Midnight Rocker

Horace Andy

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Midnight Rocker Review

by Fred Thomas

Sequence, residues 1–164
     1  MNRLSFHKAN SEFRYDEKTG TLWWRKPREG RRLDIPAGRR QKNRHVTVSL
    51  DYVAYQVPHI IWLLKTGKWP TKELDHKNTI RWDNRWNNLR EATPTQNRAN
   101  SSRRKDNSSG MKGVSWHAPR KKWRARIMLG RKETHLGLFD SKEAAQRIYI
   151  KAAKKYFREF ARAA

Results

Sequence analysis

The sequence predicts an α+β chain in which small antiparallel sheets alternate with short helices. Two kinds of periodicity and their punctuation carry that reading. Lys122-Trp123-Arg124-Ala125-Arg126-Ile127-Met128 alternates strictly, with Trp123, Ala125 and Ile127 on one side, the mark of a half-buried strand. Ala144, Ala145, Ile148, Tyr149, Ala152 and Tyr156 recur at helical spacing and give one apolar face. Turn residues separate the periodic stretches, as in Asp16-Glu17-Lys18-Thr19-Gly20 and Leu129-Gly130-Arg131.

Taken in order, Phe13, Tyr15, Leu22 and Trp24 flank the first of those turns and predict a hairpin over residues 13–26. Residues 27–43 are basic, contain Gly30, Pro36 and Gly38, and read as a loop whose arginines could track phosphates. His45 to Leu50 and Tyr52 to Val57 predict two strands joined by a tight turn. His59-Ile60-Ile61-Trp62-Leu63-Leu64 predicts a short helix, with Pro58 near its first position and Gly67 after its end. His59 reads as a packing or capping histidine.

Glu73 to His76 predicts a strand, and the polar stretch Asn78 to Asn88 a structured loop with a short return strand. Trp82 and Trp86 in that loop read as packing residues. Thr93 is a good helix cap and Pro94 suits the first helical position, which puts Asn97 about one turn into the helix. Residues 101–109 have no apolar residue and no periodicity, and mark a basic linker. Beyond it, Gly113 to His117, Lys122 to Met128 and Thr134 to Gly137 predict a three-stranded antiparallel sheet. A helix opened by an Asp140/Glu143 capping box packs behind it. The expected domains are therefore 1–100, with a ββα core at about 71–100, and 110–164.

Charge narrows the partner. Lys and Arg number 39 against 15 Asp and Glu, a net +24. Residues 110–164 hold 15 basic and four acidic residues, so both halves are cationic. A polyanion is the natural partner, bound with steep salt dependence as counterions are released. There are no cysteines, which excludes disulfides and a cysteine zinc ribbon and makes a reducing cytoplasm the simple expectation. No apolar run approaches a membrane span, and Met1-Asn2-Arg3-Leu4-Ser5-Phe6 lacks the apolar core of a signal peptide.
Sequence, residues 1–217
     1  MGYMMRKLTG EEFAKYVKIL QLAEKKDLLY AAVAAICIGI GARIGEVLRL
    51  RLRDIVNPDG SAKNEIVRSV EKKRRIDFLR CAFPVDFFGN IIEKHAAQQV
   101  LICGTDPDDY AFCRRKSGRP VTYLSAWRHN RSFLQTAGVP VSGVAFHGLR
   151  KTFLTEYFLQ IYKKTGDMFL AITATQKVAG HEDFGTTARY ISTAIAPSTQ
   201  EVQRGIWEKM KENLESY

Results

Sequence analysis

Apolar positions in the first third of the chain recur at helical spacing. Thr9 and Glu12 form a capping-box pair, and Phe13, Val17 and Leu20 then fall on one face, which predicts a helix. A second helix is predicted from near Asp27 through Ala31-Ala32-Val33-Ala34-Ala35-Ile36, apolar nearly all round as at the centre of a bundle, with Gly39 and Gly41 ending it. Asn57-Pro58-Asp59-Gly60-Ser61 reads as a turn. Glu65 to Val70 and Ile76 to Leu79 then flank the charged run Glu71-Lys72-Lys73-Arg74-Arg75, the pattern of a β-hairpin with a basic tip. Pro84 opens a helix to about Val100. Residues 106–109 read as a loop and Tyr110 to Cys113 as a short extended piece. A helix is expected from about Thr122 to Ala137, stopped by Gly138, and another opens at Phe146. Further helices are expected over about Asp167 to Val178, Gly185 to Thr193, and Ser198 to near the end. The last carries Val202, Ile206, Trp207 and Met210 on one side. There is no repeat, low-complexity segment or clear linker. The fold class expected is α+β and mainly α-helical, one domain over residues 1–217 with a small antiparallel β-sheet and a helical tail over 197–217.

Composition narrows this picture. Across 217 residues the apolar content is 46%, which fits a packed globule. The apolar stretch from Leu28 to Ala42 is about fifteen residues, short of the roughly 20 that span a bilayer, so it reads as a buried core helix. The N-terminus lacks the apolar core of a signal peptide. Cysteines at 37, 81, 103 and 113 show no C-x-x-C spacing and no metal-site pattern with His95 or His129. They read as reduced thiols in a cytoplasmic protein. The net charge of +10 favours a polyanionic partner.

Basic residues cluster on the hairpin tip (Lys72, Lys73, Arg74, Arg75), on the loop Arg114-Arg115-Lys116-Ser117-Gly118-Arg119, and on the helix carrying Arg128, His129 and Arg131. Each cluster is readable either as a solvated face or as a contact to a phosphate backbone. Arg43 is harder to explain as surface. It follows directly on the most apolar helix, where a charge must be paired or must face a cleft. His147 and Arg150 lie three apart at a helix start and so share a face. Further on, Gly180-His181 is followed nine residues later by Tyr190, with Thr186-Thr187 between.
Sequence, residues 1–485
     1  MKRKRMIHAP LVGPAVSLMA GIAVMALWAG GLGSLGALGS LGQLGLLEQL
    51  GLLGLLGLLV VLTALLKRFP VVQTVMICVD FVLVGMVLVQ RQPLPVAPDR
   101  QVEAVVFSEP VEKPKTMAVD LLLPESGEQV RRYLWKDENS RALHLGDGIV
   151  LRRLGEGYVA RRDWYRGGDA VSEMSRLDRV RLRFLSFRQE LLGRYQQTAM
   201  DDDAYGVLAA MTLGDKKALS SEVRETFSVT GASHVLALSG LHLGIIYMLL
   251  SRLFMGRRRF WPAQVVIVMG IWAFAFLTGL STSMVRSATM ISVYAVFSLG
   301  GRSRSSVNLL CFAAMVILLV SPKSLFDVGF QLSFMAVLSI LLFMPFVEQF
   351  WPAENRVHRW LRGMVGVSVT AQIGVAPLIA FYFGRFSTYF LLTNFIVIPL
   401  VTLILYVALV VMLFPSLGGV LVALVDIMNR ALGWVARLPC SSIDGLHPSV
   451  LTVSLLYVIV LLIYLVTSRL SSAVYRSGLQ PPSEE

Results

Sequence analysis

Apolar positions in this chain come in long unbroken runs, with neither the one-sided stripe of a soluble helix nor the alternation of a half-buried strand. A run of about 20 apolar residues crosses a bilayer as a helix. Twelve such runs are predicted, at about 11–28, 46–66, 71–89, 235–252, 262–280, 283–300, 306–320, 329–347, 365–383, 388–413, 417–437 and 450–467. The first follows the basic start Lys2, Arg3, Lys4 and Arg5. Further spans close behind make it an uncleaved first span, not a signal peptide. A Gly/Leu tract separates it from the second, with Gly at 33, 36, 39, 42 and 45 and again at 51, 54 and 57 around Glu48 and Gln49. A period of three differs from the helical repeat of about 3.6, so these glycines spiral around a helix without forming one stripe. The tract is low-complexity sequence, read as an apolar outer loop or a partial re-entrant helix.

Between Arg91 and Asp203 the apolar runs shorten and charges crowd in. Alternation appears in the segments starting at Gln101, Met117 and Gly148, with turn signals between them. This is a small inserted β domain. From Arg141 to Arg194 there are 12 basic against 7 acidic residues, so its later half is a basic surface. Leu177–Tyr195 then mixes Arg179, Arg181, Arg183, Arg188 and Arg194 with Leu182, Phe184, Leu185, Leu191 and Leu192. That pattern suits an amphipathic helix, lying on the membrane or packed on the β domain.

Reggae singer Horace Andy’s ghostly voice is among the most recognizable and distinctive in the genre, and over the course of his more than 50 years in music, it’s consistently set him apart. Midnight Rocker comes decades after Andy first had several roots reggae hits in the ‘70s, and then came to the attention of new listeners through his collaborations with trip hop blueprinters Massive Attack in the ‘90s, but the performances he turns in at age 71 are as powerful as at any other point in his career. Midnight Rocker is Andy’s first work with pioneering British producer Adrian Sherwood, whose ‘80s output on his On-U Sound label approached dub from theretofore unconsidered angles. Sherwood’s production fingerprints are apparent throughout the album without steering its direction too forcefully, showing up in little details like the playful synth lines of “Watch Over Them” and the unexpected swells of dubby reverb and delay that go from playful to severe without notice on the minimal “Materialist." The album is made up of several revisitations of songs Andy recorded earlier in his career and a handful of new tunes. The lurching opening track “This Must Be Hell” is among the strongest of the reworked material, with a thick instrumental of melodica, echo-fused drums, a simmering horn section, and trippy clavinet all swimming through Sherwood’s masterful mix. Other highlights of the revisited songs include “Rock to Sleep,” which implements eerie violin parts (seldom heard in reggae) and “Safe from Harm,” not so much a re-arrangement of an older song as a roots reimagination of Massive Attack’s Blue Lines track. Here, the tune is stripped of its vinyl scratching and cinematic flourishes and transformed by Andy’s haunted trembling vocal and Sherwood’s spacious production into something even more somber and foreboding than the original. New song “Try Love” is a comparatively lighter lover’s rock tune, and the jaunty “Careful” bears some similarities to peak mid-’70s output from Andy’s cousin Justin Hinds. Midnight Rocker benefits from thoughtful song selection and Sherwood’s restrained but personality-heavy production, but at the center of it all is Andy’s unmistakable voice. The quiet intensity, supernatural control, and disquieting character of his singing are all in full focus, adding mystery and longing to even the most benign lyric and making the highlights of Midnight Rocker rank among his best work.

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